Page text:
The Making of a Darbe Mehr
The inauguration of the Arbab Rustam Guiv Darbe Mehr – Zoroastrian Center of
Chicago on September 3 and 4, 1983, is a proud moment in the history of
Zoroastrians in North America. On that day, the Chicago center joins Zoroastrian
centers in New York, Toronto and Los Angeles as monuments to the faith and
dedication of the Zoroastrian people and their determination to preserve and
perpetuate the great faith of Zarathustra on the continent. It was through the
vision and foresight of Arbab Rustam Guiv, that all four centers were made
The Chicago center is the first on this continent to be
designed and built specially for that purpose. With a zealous band of workers
under the leadership of President Rohinton M. Rivetna, this tiny community of
100 families has worked against tremendous odds to raise funds and build the
6,000 sq. ft. facility comprising of a Prayer hall, Assembly hall, and
Library/Learning center at a cost of $55,000 for the land and $190,000 for the
Ever since the first Zoroastrians settled in Chicago over
30 years ago, they have dreamed of building a place of worship. In 1980 the
great philanthropist Arbab Rustam Guiv came forward with an offer of $150,000.
The Chicago community immediately started a massive fund raising effort to
supplement this generous offer and with donations from around the world,
purchased a two-acre property in suburban Hinsdale, 20 miles southwest of
downtown Chicago. During this time, Arbab Guiv passed away and the Rustom Guiv
Trust ran into difficulties releasing the funds, some of which were tied up in a
real estate property in Mettawa, Illinois. (This 20-acre property had been
purchased by Arbab Guiv in a 1978 for a center in Chicago but had laid unused
due to lack of construction funds). The Chicago community came forward, formed a
partnership, the “Parsi Partners,” and purchased 5 acres of the Mettawa
property from the Trust for $60,000. With the proceeds of this sale augmenting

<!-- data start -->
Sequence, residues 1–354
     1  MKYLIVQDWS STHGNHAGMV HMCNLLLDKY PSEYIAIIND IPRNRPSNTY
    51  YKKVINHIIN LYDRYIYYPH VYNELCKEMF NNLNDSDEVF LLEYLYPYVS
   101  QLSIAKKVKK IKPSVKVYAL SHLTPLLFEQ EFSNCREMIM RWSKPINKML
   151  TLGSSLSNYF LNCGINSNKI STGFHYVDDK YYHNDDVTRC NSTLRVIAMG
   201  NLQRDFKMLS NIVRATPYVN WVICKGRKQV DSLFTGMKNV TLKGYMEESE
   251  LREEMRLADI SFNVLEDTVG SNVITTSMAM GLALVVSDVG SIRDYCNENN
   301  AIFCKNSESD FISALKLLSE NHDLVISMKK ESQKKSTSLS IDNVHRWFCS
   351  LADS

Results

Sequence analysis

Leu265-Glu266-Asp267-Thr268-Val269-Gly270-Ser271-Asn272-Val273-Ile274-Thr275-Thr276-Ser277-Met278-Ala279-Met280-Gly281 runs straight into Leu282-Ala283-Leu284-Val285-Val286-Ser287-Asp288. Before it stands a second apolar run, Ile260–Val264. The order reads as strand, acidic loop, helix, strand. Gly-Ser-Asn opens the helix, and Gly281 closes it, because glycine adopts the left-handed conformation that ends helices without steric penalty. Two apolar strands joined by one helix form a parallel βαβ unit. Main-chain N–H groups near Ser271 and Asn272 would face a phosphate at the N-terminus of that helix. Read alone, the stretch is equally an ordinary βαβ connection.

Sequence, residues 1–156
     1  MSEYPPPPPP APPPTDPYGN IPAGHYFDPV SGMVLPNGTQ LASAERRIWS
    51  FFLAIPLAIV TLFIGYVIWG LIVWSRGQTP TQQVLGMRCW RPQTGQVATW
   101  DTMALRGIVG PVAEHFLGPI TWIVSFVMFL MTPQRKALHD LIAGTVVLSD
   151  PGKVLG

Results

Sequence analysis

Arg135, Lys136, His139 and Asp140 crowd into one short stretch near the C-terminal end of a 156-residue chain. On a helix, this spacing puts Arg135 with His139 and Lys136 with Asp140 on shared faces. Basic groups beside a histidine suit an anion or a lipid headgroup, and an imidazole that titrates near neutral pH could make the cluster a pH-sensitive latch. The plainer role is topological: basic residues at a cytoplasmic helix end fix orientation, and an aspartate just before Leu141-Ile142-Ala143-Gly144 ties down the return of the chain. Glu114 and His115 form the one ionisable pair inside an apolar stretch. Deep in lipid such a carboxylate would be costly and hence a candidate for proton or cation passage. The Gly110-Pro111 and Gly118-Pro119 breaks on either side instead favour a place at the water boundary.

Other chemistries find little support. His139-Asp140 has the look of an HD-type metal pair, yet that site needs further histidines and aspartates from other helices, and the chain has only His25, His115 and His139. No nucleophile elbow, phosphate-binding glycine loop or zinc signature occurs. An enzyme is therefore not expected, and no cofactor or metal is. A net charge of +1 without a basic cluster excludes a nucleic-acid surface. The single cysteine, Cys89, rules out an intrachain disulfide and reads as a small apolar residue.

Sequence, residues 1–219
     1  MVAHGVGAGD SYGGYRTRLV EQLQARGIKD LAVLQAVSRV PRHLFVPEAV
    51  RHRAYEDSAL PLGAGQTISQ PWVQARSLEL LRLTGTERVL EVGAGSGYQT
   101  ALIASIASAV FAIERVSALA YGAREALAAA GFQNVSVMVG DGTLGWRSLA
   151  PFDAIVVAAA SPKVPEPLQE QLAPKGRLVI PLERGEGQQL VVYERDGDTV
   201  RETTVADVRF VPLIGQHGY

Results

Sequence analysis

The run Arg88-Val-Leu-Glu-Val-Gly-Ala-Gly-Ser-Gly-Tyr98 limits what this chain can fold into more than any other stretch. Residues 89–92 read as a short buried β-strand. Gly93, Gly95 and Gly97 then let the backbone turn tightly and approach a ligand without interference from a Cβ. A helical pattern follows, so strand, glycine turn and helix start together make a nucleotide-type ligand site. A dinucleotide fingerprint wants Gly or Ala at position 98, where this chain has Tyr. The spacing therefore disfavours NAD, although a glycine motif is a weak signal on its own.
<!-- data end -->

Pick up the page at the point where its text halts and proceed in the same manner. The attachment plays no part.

the Trust funds, the Trust was able to turn over $150,000 to ZAC. Through
various other project including the Zubin Mehta Banquet, the ZAC raised enough
funds to start the construction.
On June 13, 1982, in a simple but touching ceremony, ground
was broken for the Darbe Mehr construction – a first on this continent.
Several alternative architectural plans were reviewed and a building
permit approved. The land was cleared of trees, surveyed, concrete foundation
poured, well and sceptic laid, underground heating, plumbing and electrical work
performed, and the erection of the building shell proceeded smoothly. A major
setback occurred in September 1982, when during the roof construction, one of
the 50 ft. trusses fell, bringing down 30 others. In the accident, a carpenter
was injured and liability suits have followed. With the grace of Ahura Mazda,
the project quickly picked up again, with the installation of the roof, the
brick masonry walls and floor slabs. The doors, windows, siding, insulation,
drywall, floor tiling, electrical, heating and alarm system were installed. The
exterior site grading, landscaping and parking lot were completed by July 1983.
Nothing of course happened in the smooth chronology that
this account may convey. Events meshed into one another, plans were revised a
dozen times, there were times when grave doubts were expressed, when deep
despair was felt, when the project seemed interminable. But one of those storms
arose this Darbe Mehr, as testimony to the spirit of the Zoroastrian people.
The Darbe Mehr is dedicated to the first generation of American Zoroastrians, so that they may carry the torch of the ancient Zoroastrian faith for future generations in North America.